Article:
Posted by: ken98 | November 4, 2009

Planet of the Apes meets Diocletian

Day 54 Ken here

Cold(er), wintery day here – and we continue with Gibbon in chapter 13 – with Diocletian

The Story

  • Diocletian associates the Emperorship (as Augustus) with Maximian his friend (4-1-286)
  • Diocletian associates junior emperors (as Caesars) with Galerius and Constantius (father of Constantine), thus starting the rule of 4 (Tetrarchy)(292)
  • Brief descriptions of the characters of Maximian, Galerius, Constantius
  • Empire itself is divided into 4 parts – one for each emperor, sub-emperor
  • The uprising in Gaul (Bagaudae) suppressed by Maximian (287)
  • Revolt of Carausius (commander of the Atlantic fleet) in Britain – separate for 7 years into British empire (287)
  • Diocletian and Maximian acknowledge Carausius (289)
  • Constantius attacks Carausius (292)
  • Carausius murdered by 1st Ministere Allectus (294)
  • Constantius retakes Britain (296)
  • Brief descriptions of many barbarian wars of Maximian, Galerius and Constantius
  • Policy of Diocletian: let barbarians war among themselves, allow them to establish colonies within the empire, divided and far from their homes
  •  

    First British Empire
    Gibbons spends a couple of pages reflecting on Carausius’ First British Empire (sea-based even!). It lasted 7 years but has given British historians many more years of enjoyment and research potential.

    Diocletian, Maximian, Galerius, Constantius
    This is the famous Tetrarchy (rule of 4).

    Spectacular Find
    For someone who likes Late Antiquity AND Architecture, there is a 3-D site devoted to the reconstruction of Constantinople as of the year 1200 Byzantium 1200. Granted this is 900 years in the future, but Constantine (son of Constantius) will be founding the city on the site of the Greek city of Byzantium in only 40 or so years from our current date.

    The Story of 4 (Crude, Embarrassing) Statues
    As you can tell from Galerius’ portrait below, we are on the brink of the Dark Ages in terms of technical skills of artists – this very famous (well, famous to me) (and crude) set of 4 statues of the 4 emperors (Diocletian, Maximian (Augusti), Galerius, Constantius (Caesari), embracing in fraternal amity has a strange history.

    Capitol - Constantinople - reconstruction in 3D

    Capitol - Constantinople - reconstruction in 3D

    capitol (Capitolium) Detail of Porch showing the figures of the Tetrarchy

    capitol (Capitolium) Detail of Porch showing the figures of the Tetrarchy

    Constantine set these up in his brand-spanking new capital, in his Capitol (Capitolium) in the early 330’s. These same 4 statues were still extant when the final barbarian invasion occurred (Venice attacking/sacking Constantinople in 1204 during the 4th Crusade). The Venetians detached and brought home (read: sacked and stole) numerous works of art including the embracing Tetrarchs. The Tetrarchs ended up being attached to a corner of Saint Mark’s and their identities were lost for centuries (many considered them figures of the 4 Evangelists, others personifications of brotherly love).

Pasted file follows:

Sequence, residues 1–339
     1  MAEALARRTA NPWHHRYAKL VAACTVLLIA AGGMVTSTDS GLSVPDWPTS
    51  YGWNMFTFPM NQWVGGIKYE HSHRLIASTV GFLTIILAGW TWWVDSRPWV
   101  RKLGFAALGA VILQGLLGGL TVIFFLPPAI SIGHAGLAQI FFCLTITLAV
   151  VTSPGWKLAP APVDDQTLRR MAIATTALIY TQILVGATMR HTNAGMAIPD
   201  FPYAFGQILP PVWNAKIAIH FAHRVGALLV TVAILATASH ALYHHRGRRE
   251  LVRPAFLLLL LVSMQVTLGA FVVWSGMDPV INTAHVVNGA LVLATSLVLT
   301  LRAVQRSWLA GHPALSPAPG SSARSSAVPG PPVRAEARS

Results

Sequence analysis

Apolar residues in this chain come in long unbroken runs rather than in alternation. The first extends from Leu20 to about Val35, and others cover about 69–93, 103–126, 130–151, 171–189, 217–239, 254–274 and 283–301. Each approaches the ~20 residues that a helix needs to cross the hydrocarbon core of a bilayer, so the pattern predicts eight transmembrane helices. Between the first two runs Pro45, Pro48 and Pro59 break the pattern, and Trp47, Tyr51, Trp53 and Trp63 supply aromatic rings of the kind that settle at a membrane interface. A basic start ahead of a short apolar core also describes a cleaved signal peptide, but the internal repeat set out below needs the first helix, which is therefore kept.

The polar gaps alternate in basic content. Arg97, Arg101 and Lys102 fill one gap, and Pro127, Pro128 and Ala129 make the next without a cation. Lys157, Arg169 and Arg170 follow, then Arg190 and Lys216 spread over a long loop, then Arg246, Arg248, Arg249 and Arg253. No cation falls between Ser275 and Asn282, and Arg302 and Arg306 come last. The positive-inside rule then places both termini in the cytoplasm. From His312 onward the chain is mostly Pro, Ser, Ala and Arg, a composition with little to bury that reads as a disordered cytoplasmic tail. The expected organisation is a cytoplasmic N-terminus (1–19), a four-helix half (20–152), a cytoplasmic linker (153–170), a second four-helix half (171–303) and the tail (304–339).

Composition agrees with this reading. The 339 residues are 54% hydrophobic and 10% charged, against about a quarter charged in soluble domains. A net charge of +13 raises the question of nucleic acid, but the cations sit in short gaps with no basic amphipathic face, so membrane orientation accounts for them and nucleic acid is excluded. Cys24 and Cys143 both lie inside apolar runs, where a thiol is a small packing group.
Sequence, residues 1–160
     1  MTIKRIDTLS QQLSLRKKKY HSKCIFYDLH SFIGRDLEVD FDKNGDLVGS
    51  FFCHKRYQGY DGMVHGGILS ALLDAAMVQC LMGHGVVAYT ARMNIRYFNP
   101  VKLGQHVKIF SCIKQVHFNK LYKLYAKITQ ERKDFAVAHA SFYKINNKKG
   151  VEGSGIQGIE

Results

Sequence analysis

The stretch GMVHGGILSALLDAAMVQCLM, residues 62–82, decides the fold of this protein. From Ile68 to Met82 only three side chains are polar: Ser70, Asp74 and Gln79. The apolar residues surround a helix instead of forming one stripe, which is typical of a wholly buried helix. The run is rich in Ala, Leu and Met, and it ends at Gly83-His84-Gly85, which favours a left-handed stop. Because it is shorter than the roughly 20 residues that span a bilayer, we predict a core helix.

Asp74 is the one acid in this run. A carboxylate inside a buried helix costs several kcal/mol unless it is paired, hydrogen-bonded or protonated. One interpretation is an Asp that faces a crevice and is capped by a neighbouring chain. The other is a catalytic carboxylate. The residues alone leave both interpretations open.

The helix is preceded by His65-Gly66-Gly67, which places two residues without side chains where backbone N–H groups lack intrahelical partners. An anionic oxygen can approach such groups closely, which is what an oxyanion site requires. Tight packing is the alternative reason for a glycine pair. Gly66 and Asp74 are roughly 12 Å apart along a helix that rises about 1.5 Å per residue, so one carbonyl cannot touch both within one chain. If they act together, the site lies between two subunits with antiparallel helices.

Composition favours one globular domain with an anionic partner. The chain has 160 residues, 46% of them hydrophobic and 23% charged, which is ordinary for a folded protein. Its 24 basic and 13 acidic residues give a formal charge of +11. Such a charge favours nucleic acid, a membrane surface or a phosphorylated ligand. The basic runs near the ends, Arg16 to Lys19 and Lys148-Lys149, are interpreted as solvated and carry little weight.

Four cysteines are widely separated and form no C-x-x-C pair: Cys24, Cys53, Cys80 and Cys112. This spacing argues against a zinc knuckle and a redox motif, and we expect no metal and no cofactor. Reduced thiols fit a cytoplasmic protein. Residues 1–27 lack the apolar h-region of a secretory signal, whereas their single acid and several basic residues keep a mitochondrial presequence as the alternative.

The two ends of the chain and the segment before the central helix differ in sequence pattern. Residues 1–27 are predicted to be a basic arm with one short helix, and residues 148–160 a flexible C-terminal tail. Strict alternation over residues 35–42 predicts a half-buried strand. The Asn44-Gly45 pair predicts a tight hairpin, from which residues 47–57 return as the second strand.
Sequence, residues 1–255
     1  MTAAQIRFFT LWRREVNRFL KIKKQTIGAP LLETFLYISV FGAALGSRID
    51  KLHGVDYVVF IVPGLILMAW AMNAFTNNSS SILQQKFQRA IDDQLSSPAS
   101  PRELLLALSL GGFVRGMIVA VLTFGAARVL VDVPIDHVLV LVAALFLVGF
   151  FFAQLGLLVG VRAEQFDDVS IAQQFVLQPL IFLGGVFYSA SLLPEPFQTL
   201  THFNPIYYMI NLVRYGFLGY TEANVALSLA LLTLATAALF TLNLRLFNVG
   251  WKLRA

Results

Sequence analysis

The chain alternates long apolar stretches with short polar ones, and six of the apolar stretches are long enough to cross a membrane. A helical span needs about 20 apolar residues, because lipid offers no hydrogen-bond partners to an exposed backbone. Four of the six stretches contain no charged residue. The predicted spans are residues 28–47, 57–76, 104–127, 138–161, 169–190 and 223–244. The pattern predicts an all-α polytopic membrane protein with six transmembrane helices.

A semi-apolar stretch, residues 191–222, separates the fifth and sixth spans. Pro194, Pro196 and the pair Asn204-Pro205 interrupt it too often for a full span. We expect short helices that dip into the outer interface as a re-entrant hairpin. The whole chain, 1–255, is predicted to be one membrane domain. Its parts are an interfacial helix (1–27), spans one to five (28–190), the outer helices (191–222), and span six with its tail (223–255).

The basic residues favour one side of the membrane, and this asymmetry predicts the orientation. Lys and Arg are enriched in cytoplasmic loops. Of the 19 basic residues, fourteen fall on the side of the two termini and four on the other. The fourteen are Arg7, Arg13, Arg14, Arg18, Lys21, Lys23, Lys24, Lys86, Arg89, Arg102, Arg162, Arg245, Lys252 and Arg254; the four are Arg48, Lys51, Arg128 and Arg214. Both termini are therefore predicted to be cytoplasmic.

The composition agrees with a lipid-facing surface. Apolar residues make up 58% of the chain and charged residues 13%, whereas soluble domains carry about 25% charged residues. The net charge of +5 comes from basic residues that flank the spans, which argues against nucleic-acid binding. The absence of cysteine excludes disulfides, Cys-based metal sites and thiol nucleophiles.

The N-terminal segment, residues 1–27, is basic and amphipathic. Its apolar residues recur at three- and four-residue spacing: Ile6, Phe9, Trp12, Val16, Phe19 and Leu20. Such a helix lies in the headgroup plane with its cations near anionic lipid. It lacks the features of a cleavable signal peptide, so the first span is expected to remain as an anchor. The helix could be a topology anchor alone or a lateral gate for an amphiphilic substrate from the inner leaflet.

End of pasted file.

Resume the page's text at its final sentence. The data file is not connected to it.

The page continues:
The Tetrarchs - mushed together on a corner of St Mark's in Venice

    The Tetrarchs - mushed together on a corner of St Mark's in Venice

    Enter the author, early 21st century. It was kind of a big moment for me, on a trip to Italy a couple of years ago, to actually get to touch the Tetrarch sculptures (they’re right on the plaza there, cemented onto a corner, carved out of hard, imperial purple porphyry).

    What a long journey the statues have had – installed new in Constantine’s Capitol at the glorious rebirth of the Roman Empire (a building in ruins probably when the Venetians took them), then stolen, and re-installed in the center of the Venetian’s empire at its height (another empire now also disappeared). They are figures of world rulers whose statues are forgotten and wash up like so much driftwood in a lagoon only to be forgotten again for hundreds of years.

    Makes you think of Ozymandias, or perhaps the Statue of Liberty scene in Planet of the Apes.

    Statue of Liberty - Planet of the Apes Film (1968)

    Statue of Liberty - Planet of the Apes Film (1968)

    What about the U.S. of A.? We are mighty, we demand despair from others, but who knows if anyone will even remember our country’s name, in a couple of thousand years? Dark, wintery thoughts.

    Galerius - one of the 4 Tetrarchs - Note the incredibly crude work for an imperial statue - we stand at the brink of the Dark Ages

    Galerius - one of the 4 Tetrarchs - Note the incredibly crude work for an imperial statue - we stand at the brink of the Dark Ages

    Advertisements

    Leave a Reply

    Fill in your details below or click an icon to log in:

    WordPress.com Logo

    You are commenting using your WordPress.com account. Log Out / Change )

    Twitter picture

    You are commenting using your Twitter account. Log Out / Change )

    Facebook photo

    You are commenting using your Facebook account. Log Out / Change )

    Google+ photo

    You are commenting using your Google+ account. Log Out / Change )

    Connecting to %s

    Categories

    %d bloggers like this: